I'm beginning to understand the depth of the ways life has wounded her, especially in her youth, for it to have affected her interactions with people so. If every time she endured unkindness her response was to stick up for herself just a little more strongly the next time, I think of the depth of unkindness she must have endured in order to become the way she has. I know enough of her story; the things she experienced. And it's tragic and awful and painful. But I don't think I really empathized before I started connecting this silly little high school slight of mine, with all the things, large and small that she has told me about.

And while I still cringe when she does the things she does, I probably always will, I think I am beginning to truly be able to have compassion as well, for her and every other crusty, hard shelled, person out there. I guess that's always a good thing.


I'll be napping under the socks

Terribly, tragically, sadly, alas... my computer is kaput. The day I woke up thinking whoa, this thing is really going downhill fast I should back some stuff up, is the day it no longer responded to any kind of stimulus whatsoever. I'm praying I can get back all my work when we go to visit the expert people. And all my pictures for the last three years.

I'm making time with the GH's laptop while he's at work. It's the only time possible really, when he doesn't take it with him. I can't even use it while he's sleeping. The man listens to audio books to help him fall asleep. Once I thought he was asleep and tried to sneak it away, or just turn down the volume, but he woke up as soon as my hand touched it and in a sleepy bewildered voice demanded to know what I was doing with his computer.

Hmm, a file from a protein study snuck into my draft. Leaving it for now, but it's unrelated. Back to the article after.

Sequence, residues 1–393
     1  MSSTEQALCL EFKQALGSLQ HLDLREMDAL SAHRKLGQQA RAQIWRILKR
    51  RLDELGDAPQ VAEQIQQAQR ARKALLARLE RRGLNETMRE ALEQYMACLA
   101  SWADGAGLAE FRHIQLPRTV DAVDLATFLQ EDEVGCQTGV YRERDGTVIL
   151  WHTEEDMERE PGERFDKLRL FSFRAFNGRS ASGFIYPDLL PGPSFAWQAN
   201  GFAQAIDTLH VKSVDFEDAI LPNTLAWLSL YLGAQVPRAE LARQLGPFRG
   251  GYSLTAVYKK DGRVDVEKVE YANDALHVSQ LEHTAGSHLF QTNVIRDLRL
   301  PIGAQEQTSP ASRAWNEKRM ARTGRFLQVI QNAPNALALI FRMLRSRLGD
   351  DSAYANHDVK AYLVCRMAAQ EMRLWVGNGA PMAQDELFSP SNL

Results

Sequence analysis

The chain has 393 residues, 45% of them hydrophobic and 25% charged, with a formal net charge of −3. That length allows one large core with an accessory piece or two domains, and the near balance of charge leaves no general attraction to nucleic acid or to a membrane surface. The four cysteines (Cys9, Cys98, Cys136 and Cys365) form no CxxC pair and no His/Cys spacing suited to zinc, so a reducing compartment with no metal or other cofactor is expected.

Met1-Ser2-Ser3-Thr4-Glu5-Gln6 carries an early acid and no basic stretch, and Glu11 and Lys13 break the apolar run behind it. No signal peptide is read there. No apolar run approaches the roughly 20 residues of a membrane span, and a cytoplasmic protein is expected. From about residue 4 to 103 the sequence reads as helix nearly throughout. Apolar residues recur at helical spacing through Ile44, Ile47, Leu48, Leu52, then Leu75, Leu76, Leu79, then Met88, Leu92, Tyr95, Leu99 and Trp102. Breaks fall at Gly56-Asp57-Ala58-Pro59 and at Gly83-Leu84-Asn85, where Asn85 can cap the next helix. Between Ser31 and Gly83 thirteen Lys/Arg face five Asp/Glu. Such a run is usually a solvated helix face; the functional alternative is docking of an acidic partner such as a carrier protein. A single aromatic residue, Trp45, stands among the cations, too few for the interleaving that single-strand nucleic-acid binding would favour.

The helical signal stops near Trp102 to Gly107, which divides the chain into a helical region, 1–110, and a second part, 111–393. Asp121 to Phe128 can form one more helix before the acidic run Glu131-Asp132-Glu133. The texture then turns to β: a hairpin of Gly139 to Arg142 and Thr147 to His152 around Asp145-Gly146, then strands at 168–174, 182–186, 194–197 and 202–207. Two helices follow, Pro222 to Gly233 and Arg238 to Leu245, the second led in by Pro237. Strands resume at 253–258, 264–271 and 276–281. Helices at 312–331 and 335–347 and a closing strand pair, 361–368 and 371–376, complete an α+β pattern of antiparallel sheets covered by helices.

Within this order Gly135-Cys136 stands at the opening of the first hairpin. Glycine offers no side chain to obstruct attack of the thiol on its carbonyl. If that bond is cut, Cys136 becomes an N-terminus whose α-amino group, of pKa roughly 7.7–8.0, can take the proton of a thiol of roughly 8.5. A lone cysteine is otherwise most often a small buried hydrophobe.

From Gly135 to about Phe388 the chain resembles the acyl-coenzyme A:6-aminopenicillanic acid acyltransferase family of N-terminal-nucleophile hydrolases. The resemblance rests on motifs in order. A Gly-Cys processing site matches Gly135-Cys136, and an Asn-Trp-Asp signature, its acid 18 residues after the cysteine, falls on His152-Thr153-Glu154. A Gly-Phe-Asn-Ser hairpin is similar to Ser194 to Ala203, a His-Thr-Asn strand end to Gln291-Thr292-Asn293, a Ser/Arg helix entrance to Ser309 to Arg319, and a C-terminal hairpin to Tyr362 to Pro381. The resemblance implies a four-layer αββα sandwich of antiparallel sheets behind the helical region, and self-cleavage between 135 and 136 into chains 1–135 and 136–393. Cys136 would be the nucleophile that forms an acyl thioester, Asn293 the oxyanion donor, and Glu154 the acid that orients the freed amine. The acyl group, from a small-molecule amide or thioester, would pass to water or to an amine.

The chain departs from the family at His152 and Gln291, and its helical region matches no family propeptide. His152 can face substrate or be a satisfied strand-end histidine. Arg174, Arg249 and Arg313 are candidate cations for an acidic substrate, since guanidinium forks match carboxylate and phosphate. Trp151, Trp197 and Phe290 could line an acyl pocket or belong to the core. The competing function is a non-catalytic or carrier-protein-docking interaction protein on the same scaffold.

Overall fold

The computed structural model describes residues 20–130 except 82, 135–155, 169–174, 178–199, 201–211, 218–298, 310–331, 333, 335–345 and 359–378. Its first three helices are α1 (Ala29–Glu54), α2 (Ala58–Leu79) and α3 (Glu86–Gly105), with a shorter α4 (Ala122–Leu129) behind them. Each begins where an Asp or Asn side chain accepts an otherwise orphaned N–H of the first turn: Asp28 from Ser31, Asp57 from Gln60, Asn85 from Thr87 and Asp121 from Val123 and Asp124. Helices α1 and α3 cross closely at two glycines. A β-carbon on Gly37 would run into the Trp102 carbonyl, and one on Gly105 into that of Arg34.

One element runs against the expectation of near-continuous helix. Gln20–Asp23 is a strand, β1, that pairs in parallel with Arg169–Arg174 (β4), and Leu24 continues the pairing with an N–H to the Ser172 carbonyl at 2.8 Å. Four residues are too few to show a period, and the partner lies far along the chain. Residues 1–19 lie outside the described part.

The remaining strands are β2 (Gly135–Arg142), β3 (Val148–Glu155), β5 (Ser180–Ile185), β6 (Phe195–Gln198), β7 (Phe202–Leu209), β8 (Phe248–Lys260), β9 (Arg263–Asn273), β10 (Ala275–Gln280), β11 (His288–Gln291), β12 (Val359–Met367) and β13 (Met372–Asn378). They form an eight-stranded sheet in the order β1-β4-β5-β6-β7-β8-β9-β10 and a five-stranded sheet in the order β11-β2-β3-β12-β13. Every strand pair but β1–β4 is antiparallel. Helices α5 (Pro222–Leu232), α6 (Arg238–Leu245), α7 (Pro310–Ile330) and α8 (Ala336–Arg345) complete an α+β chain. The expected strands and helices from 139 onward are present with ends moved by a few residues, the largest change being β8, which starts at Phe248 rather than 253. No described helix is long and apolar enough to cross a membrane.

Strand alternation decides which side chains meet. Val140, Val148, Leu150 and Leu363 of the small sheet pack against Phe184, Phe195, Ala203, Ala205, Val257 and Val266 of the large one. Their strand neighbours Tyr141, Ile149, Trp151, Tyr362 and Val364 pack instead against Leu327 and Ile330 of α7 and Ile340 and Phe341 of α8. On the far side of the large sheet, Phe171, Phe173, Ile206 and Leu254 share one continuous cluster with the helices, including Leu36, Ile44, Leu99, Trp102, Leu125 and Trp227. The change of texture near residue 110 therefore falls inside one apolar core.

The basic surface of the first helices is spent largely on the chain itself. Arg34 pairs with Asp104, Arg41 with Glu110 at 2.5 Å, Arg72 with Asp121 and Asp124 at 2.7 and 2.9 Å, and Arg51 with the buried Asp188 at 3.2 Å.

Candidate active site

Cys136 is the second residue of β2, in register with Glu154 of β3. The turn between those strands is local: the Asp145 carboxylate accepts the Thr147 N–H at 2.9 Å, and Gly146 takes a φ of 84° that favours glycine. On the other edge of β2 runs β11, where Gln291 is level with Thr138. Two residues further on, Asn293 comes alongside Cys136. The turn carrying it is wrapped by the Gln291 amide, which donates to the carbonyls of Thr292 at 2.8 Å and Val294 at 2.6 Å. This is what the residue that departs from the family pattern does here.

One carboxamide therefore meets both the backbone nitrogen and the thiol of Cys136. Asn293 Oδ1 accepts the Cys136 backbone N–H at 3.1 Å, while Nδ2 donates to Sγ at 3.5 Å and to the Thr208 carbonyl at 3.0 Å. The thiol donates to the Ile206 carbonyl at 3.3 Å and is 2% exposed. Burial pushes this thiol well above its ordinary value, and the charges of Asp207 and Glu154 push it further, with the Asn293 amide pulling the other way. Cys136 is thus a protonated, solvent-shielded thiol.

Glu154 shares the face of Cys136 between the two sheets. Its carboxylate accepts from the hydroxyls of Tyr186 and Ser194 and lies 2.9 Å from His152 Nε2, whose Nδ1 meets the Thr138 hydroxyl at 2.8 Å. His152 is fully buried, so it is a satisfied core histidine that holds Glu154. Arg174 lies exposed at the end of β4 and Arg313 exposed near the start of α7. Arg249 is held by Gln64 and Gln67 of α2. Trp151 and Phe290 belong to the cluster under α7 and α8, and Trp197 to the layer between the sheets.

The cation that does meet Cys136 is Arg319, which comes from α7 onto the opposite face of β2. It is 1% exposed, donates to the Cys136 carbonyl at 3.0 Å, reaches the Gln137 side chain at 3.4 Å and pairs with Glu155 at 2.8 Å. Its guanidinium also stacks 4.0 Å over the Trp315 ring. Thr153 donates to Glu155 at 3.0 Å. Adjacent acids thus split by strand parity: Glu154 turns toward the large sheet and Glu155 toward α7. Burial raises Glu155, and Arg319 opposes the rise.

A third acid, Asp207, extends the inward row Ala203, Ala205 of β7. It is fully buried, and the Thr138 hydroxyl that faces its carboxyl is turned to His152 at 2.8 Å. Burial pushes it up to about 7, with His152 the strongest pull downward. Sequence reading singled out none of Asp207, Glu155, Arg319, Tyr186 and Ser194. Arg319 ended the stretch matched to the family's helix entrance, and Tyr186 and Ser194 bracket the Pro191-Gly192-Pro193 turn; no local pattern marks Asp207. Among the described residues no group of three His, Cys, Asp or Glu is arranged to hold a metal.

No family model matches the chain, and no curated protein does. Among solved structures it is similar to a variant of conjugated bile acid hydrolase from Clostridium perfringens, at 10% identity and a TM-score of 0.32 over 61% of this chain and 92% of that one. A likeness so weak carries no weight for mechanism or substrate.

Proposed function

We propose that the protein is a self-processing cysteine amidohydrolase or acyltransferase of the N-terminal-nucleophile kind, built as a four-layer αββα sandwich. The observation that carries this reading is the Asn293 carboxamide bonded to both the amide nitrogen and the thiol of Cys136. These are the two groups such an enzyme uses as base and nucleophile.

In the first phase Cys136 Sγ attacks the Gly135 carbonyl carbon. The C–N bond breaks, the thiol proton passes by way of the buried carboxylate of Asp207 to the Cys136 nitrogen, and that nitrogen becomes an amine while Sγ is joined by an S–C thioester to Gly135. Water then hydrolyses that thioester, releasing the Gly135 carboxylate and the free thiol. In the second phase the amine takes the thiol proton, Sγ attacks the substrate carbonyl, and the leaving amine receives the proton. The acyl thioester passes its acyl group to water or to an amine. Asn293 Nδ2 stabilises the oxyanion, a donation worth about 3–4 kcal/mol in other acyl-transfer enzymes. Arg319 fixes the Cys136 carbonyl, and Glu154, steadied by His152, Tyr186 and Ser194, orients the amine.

So, hello best beloveds, we are reunited for a brief moment.

Last week, my mother was here, which was a great help in many ways. It's been a long time since the kids saw her. They all had a blast. Much as we enjoyed having her here it was really nice to wake up Saturday morning after she had gone and feel like I could stretch out again in my own space. Our apartment is so tiny that just one extra person added to the mix makes it feel quite overcrowded. It also helped tat the GH made waffles for breakfast, and the kids helped by whipping cream by shaking a jar full of cream, slicing the strawberries, and clearing and setting the table. It was a good morning.

And in celebration of the fact that I have my house all to myself again, sort of, I have a crazy day of cleaning and organizing planned. I am just way too much fun aren't I? Also, I am making soup out of all the leftovers in the fridge from the excessive eating sprees of last week.

This is a clue to a very important fact dear readers, can you tell what it is? I continue to not be vomiting!

Yes, my standards are very low. I woke up today and didn't vomit, hooray! How often really do we do the happy dance over not vomiting daily? I think I should do it more often.

Of course, I wake up from a nap wanting to take another nap. But I can push through that in order to find my closet floor. I hope.